As soon as Irish finished high school in mid-1947 she fled to California.  Her older brother, Bill, and one of her older sisters, were already living there.  The reasons Irish always gave for moving to California were twofold.  She wanted to escape the severe Midwestern winters and she was becoming increasingly frustrated by the limited opportunities to study art in Pawnee City (read more details of Irish's move to California on Page 1: California in the Modelling section).  As soon as she was settled Irish enrolled in the Otis Art School in Los Angeles ("I only studied there for several weeks, then I became tired of drawing shaded squares and circles, and quit.  They had me in a beginner's class even though I was painting two 12-foot murals at an expensive restaurant just down the street from the school." - see photo right) (Glamour Girls).  It is interesting that Wikipedia describes the Otis Institute of Art and Design, which was founded in 1918, as one of the principal art colleges in California.

Irish worked as a waitress for several years before getting a second job working nights at the McDonell Douglas Aircraft factory.  Irish had already won a high school beauty contest back in Nebraska and she relied on her good looks to supplement her income in California.  She was becoming involved in the beach scene at Malibu and she had also begun entering beauty contests in California (see the Influenced By Vargas section below and Page 6: Nudity in the Modelling section).  It is very easy to get distracted by Irish's stunning beauty, but the principal thing that is overlooked in the discussions of Irish's rapid rise to fame as a model is that she pursued this career, and later worked at two jobs, to fund her dominant preoccupation - art.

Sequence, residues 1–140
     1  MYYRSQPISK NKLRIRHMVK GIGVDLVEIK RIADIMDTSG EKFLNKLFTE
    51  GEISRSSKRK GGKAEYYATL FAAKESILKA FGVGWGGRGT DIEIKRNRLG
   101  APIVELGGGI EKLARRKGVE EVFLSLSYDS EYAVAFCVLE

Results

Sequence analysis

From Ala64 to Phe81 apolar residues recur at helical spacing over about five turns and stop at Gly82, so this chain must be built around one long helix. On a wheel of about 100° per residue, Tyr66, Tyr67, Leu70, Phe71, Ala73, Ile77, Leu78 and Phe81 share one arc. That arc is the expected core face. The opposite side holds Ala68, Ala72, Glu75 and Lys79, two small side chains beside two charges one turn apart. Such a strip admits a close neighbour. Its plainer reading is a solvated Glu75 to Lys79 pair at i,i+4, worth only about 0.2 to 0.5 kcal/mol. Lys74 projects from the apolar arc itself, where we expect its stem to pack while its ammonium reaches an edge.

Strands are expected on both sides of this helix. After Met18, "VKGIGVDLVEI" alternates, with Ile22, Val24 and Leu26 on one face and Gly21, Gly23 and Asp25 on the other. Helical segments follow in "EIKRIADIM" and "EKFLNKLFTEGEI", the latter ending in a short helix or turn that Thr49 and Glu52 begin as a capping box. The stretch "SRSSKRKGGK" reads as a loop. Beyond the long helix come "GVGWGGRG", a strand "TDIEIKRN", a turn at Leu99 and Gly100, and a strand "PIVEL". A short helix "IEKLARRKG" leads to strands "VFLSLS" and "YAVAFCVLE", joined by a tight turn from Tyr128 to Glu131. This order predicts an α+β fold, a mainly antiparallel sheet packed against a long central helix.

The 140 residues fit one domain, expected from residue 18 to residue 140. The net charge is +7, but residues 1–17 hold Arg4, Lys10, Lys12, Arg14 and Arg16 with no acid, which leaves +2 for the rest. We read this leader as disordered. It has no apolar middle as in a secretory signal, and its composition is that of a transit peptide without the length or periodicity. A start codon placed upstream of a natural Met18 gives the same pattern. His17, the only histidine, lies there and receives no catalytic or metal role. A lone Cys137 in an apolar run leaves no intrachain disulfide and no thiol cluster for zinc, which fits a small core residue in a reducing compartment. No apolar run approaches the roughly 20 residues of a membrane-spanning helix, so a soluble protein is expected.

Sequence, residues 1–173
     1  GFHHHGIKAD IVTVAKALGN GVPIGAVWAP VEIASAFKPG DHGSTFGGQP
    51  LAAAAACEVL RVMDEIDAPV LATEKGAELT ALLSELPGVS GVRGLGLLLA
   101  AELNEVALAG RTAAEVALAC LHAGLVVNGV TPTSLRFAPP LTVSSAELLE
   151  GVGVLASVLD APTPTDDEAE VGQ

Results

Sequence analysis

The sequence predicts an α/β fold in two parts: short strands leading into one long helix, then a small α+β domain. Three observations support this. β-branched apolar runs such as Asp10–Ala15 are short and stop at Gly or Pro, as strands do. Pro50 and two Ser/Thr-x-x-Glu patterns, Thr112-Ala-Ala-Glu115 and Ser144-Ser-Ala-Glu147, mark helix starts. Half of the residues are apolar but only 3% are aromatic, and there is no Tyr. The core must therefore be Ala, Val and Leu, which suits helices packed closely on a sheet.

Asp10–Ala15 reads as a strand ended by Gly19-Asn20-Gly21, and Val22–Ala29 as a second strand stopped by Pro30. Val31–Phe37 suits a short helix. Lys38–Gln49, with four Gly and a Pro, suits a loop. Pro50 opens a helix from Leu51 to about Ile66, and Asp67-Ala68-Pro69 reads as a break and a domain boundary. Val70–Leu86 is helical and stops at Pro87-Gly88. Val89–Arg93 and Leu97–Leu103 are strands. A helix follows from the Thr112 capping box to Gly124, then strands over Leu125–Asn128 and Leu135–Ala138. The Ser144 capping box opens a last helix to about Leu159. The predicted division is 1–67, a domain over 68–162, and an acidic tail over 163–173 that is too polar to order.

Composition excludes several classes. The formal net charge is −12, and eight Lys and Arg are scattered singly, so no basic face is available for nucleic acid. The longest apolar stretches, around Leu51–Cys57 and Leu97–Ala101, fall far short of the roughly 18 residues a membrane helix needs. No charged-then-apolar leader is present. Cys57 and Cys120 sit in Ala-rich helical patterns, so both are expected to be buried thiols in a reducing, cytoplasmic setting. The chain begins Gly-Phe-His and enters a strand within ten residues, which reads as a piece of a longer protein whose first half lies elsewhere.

Irish first met Alberto Vargas, the acclaimed pin-up artist, when he was a judge for a Miss California beauty contest that she had entered as an 18-year-old.  Vargas was born Joaquin Alberto Vargas y Chavez in Peru in 1896, so he was about 50 when he met Irish.  He was the son of a photographer who had studied art in Europe, where he became fascinated by the sensuous covers of the famous magazine, La Vie Parisienne.  He arrived in America in 1916 and his gift for portraying the female form in delicate watercolors led to work in the fashion industry and eventually he was contracted to produce film posters.  He achieved international fame during the 1940s when his patriotic pinups in Esquire magazine circulated around the globe with G.I.s.  In 1960 Hugh Hefner offered the 64-year-old Vargas a job with Playboy magazine, where he produced a new image every month for 16 years, resulting in 156 separate paintings.  He died in 1982 and the legacy he left is that the generic term "Vargas girl" is used to describe nostalgically rendered images of perfect women.